Lending a hand to ex-offenders and their families

by Rachel Phua // September 25, 2018, 3:25 pm

prison fellowship singapore

The panel sharing their opinions on how the church can be more inclusive towards ex-convicts and their family. From left to right: Pastor Joshua Lim of Woodlands Evangelical Free Church; Reverend John Lin of St John's Chapel; Soh Wai Wah, the former Commissioner of Prisons; Tan Choon Huat, a former programme manager at Prison Fellowship Singapore; Pastor Leon Stewart of St Paul's Church. Photo courtesy of Prison Fellowship Singapore.

At this year’s Prison Ministry Conference, organised by Prison Fellowship Singapore (PFS) and held on Saturday, September 15, several prison ministry leaders and volunteers shared their thoughts and practical tips on becoming a Church that welcomes ex-convicts and their families.

PFS is a Christian voluntary welfare organisation that reaches out to current and former inmates, as well as their family members. There are chapel services, bible studies, counselling sessions and more for incarcerated men and women, while those released are provided employment guidance and opportunities to join a support group.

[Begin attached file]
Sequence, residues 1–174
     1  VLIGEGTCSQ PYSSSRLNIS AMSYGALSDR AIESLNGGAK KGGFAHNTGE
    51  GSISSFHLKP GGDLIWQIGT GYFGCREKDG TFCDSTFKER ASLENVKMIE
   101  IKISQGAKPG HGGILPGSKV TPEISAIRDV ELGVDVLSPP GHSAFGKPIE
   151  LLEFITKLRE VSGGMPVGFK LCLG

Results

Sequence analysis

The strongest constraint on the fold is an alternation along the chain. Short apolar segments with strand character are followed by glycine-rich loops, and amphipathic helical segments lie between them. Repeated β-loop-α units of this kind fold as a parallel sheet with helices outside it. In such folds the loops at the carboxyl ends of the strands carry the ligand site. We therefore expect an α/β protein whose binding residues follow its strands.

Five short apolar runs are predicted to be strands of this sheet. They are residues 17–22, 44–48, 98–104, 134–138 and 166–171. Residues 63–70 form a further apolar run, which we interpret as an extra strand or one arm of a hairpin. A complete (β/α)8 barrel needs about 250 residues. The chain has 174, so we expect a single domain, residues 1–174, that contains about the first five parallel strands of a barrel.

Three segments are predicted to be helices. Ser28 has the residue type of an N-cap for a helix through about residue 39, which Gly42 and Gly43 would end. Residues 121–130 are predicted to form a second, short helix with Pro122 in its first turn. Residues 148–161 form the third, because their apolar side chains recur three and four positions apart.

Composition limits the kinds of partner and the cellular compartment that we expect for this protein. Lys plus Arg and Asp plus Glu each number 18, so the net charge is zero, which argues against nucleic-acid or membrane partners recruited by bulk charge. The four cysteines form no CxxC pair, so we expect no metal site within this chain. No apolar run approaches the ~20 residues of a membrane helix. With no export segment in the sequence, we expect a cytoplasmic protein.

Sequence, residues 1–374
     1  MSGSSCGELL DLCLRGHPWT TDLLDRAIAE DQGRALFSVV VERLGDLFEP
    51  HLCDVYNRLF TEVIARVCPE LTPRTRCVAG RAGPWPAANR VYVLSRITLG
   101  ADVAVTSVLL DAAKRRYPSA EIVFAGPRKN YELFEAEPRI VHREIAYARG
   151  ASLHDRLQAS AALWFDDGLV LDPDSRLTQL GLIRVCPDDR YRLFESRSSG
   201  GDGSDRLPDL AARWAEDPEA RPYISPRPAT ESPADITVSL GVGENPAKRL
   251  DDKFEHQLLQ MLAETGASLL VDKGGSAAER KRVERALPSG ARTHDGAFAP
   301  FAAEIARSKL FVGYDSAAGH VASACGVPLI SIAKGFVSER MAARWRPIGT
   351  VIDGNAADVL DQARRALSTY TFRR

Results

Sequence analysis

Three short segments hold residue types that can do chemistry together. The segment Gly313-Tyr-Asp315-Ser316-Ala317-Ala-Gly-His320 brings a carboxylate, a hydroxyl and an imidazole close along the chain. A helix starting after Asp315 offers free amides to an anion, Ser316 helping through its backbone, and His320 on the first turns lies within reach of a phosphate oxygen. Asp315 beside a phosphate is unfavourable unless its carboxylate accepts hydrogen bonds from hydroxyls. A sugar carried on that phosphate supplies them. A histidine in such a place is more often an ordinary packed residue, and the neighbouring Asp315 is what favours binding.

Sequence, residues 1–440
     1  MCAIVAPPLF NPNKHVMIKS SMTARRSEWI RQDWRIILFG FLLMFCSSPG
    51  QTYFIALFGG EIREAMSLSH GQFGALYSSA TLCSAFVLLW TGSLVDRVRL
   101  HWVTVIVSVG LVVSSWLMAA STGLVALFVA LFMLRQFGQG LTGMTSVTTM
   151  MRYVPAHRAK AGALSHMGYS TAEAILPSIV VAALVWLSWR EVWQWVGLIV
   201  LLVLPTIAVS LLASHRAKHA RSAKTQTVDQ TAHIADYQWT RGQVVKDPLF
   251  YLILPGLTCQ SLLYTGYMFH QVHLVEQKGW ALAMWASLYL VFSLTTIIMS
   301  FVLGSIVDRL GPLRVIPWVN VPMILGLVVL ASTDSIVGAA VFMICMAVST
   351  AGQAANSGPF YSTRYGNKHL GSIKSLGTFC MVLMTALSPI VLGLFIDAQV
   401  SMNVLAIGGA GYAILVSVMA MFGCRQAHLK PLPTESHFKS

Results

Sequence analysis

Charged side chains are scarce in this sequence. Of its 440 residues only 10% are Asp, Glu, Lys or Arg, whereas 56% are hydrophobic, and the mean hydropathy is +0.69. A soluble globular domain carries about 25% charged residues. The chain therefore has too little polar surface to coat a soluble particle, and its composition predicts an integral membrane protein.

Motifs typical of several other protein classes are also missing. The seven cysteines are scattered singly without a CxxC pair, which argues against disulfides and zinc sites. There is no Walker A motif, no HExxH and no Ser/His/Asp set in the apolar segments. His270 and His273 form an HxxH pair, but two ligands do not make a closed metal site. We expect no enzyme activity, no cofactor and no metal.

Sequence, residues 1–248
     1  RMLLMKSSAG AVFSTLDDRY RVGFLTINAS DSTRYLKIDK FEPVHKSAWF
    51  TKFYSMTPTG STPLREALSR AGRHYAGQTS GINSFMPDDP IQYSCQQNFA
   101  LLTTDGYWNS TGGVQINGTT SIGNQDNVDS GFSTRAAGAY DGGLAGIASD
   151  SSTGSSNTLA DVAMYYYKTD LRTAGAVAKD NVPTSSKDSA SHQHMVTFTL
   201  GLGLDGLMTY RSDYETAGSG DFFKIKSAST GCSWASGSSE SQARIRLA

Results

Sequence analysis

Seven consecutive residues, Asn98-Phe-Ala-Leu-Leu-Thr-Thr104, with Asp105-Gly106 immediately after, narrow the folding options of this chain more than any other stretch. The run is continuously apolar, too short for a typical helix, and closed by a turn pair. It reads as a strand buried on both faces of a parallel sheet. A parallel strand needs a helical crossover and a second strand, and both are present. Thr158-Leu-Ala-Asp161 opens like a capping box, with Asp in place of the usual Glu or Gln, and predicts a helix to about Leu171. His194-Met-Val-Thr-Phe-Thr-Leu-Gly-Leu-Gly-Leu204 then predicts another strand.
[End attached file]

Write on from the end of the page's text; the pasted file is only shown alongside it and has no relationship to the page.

Programmes such as tuition, home visitations and a prison ride service, where volunteers ferry family members to and from prison for visits, are offered to their kin. 

Here are the extracts from the panel discussion:

How to build an inclusive church:

“For me personally, I try to be a friend to the ex-inmates. You tell them, ‘Please don’t go back to your old friends.’ But do you create new friendships with them? Friends who play along with them, friends who spend time and have fun with them, drink coffee with them, someone they can talk about anything under the sun?

“We invite them to my house and eat dinner together with my family.”

“You must also be a brother to them. By being a brother, it means you are accepting them into your family. We invite them to my house and eat dinner together with my family. My wife will mix with them, my children will play with their children.” – Pastor Joshua Lim of Woodlands Evangelical Free Church, who leads the church’s prison ministry.

How volunteers can engage disinterested or guarded youth offenders:

“Based on my experience at the Reformative Training Centre, the one thing that stood out among all the young people is the negative or absent role model – many of them are fatherless. The best way to engage them is not to tell them what to do – they already know the rules – but to give them a listening ear, and befriend them.” – Pastor Leon Stewart of St Paul’s Church. He helms a volunteer team called the Circle Of Brothers that facilitates secular talks and workshops to the young offenders and prison inmates to help integrate them back into society.

“Having a direction in life is important to young people.”